broken Corfe Castle c

Preschooler preamble – holiday talk

N is a typical 3 year old, who never stops talking.  Or singing. Or asking questions.  Just making his voice heard.  But over the last week or so we’ve had some classic conversations that I just had to share.

Now we all know that people say the English language is one of the hardest because of all the different spellings and similar sounding words, meaning different things.  But certainly when you’re a 3 year old it does prove difficult.  N’s been getting a little mixed up with things.

Broken Castles

When we were on holiday we drove past Corfe Castle, and told N we’d be going to visit the castle.

‘Look N, you can see the castle up on the hill’.

‘No, we can’t visit there.  It’s a broken castle’….aw, cute.

‘It’s ruins yes, but we can still visit and look and see what’s there’.

N was very sure that we wouldn’t be able to visit the broken castle.

broken Corfe Castle c

Breaks vs brakes

On returning home, the weather’s not been great being grey and rainy, and N has become obsessed with car lights.  I shouldn’t really be surprised as I quite often comment while driving, about people not using lights, indicators or the like.

So much so, that N has started asking me ‘are your lights on?’.  He then follows up with reasons why you need car headlights on…’when it rains, or it’s fog, or it’s dark, you need to put your lights on.  But in rain only if it’s really raining’.

The other day we followed a car into town on a foggy morning.  The car didn’t have any lights on which N pointed out. after checking ours were on.  Then the car in front braked.

‘His lights are on mummy’.

‘They’re not his normal lights, they’re his brakelights.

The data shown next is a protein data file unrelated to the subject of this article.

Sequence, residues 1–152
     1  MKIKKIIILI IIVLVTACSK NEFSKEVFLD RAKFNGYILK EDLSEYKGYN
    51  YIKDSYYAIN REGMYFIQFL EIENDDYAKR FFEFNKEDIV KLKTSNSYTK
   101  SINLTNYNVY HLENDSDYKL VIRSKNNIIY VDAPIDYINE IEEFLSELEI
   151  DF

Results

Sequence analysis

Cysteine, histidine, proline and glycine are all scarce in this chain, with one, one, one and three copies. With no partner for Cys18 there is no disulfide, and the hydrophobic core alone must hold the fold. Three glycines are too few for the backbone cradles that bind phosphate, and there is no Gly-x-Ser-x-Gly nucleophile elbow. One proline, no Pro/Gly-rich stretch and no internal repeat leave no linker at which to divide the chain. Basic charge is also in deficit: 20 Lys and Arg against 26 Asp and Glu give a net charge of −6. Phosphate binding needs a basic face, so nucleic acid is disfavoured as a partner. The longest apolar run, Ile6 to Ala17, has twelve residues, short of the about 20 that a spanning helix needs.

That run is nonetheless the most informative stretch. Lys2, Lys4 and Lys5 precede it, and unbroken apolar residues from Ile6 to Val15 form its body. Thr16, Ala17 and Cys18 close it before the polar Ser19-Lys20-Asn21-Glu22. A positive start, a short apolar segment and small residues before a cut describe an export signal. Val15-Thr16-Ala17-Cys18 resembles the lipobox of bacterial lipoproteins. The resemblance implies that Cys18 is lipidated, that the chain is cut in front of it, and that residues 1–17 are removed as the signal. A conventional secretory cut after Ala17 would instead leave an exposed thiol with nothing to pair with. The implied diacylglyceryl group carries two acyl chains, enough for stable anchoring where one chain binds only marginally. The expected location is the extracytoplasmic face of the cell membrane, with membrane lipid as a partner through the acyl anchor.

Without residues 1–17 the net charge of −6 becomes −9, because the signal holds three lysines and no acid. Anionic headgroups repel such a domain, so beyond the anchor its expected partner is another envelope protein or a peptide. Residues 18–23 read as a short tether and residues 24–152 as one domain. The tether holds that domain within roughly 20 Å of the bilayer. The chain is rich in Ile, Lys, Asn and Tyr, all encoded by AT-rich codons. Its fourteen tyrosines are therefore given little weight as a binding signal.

‘His car’s not broken, it’s working’…hmm, I can see this being a complicated to explain.

‘No not broken.  The lights show that his brakes are going on, he’s slowing down or stopping.  Brake lights are different to something breaking’.

‘But his car’s not broken’.  I tried to explain, but I’m not sure he got it.

I do love the conversations we have, although the questions are coming thicker and faster than before.  Maybe N is now getting more interested in what’s around and outside his little sphere of knowledge. It’s nice to now see him challenging what he sees and hears.

What funny things have your children been saying lately?  Are yours backseat drivers?

Love it? Share it


  1. Aww, how cute, and funny! My kids come out with some classics at times too.. and they are definitely backseat drivers always checking what speed I am doing!

    1. It’s bad enough having a husband who comments on driving, let alone children. Although I can just turn up the radio and then I can’t hear N!

  2. Aww, how cute! The broken castle and the broken car! When my two were young I did mean to write some o the cute things they said down, but never got around to it.

    But I do remember one particularly cute incident at the dinner table when we were eating and my son, who was sat on his booster seat started making faces at his food, when I asked what the matter was he kept telling me his food was spiky….Luckily it was just a little too peppery for his liking and no lasting damage was done!

    1. Ah, that is cute.

      My problem is that I need to write things down or I never remember, but the best things N says are when I’m driving. Thanks for your comment

  3. My son always yells at me to beep my horn when we’re stuck in traffic – or drive past all the stationary cars, on the wrong side of the road. It’s can be funny, but it’s more often really annoying!

    1. Yes, first couple of times fine, but more than that gets annoying. It’s the repeated questions that winds me up – the same question, even though I’ve just answered. And being stuck driving you can’t escape (well, I can turn the music up!)

Comments are closed.